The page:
| Baie Comeau
| Churchill Falls
| Goose Bay
| Red Bay
Watts going on here?
While the town of Churchill Falls is similar to Fermont in that it is a purely functional workers village, the power plant is definitely worth a visit. Just visit the hotel/restaurant/library/community centre building and you should be able to arrange a tour. On the sign you can see the current power production in megawatts.
More of the same
285km of the same big gravel highway awaits you.
Dusty rooster tail
It's a good thing that these roads are lightly travelled because the amount of dust kicked up is significant. If anyone is on your tail, just let them pass. It's no fun filling your lungs and the interior of your vehicle with all that dust!
I suppose this is one of the highlights of this portion of the trip. Although we did see a black bear in the road about an hour earlier.
It's pronounced how?
Before you arrive at this awkwardly named river, you'll get to enjoy some semi-mountainous driving that is a welcome change. You should also notice that the trees and vegetation change somewhat with the terrain.
Happy Valley-Goose Bay
This sign will welcome you to Happy Valley-Goose Bay, albeit a bit prematurely. You still have a bit of driving before you arrive in town: Happy Valley will be to the right, and Goose Bay to the left.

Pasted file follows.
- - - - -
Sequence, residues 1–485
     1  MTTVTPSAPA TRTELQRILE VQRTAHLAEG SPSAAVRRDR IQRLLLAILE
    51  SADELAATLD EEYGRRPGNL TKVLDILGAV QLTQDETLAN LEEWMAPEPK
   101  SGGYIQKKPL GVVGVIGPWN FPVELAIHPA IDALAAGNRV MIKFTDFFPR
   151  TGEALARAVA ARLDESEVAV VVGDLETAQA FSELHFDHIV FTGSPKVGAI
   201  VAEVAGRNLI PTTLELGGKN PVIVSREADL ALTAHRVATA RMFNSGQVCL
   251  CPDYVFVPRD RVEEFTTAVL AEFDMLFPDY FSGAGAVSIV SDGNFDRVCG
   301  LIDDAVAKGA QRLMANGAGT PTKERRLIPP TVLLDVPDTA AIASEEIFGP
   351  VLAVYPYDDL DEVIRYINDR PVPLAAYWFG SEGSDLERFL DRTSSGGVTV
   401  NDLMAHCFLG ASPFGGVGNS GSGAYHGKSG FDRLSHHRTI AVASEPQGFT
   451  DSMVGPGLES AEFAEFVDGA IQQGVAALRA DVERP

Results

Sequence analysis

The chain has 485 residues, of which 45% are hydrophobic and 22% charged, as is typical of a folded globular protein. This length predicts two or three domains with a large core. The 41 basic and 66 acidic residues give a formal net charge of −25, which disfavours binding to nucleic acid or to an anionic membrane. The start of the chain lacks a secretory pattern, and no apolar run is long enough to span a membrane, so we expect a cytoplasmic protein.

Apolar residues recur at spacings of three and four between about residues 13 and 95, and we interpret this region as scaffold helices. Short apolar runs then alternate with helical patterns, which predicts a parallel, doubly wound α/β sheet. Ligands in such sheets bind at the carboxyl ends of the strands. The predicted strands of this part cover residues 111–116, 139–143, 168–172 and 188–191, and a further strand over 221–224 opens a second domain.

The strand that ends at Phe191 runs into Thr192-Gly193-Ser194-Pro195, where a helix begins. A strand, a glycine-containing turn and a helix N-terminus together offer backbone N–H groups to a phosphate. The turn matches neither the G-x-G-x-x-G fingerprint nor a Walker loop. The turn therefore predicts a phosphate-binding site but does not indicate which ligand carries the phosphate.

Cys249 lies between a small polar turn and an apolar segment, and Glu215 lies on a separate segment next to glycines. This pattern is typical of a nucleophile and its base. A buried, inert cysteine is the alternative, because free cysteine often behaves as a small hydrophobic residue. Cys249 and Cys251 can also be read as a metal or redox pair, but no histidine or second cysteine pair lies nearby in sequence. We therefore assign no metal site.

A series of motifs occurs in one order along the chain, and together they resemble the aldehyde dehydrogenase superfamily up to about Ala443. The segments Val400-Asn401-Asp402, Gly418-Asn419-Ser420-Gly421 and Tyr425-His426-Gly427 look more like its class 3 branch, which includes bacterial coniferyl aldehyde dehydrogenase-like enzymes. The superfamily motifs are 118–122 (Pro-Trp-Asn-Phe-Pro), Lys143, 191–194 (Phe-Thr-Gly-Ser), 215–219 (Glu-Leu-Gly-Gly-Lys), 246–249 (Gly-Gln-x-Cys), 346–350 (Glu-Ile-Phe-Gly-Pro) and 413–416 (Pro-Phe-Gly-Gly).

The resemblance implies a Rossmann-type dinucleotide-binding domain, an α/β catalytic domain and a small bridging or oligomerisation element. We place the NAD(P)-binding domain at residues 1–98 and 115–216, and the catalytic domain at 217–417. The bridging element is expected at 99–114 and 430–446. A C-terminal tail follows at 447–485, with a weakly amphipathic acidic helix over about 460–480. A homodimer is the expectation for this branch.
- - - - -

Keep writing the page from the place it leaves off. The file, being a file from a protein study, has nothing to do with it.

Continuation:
A ways before the sign above, there's a road on the right leading towards the Churchill River. This is the start of the final portion of the Trans-Labrador which will link to the Atlantic coast. It should be open in 2009. We ventured as far as the bridge across the Churchill River.
Too new for GPS
As you can see, this portion of the highway is too new for the GPS. In fact, we were generally disappointed with the topographic info for the Trans-Labrador highway. The maps often seemed to follow the original highway which has become the snowmobile trail. In any case, it's neat to seem to be in the middle of a mighty river and not be wet.